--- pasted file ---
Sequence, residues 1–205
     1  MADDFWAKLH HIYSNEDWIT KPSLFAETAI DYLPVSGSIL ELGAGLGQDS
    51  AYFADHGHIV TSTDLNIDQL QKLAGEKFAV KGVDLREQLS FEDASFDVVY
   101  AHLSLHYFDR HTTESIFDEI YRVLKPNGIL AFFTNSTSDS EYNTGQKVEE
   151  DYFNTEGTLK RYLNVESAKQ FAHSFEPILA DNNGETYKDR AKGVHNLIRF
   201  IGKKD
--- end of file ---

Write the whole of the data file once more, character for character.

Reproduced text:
Sequence, residues 1–205
     1  MADDFWAKLH HIYSNEDWIT KPSLFAETAI DYLPVSGSIL ELGAGLGQDS
    51  AYFADHGHIV TSTDLNIDQL QKLAGEKFAV KGVDLREQLS FEDASFDVVY
   101  AHLSLHYFDR HTTESIFDEI YRVLKPNGIL AFFTNSTSDS EYNTGQKVEE
   151  DYFNTEGTLK RYLNVESAKQ FAHSFEPILA DNNGETYKDR AKGVHNLIRF
   201  IGKKD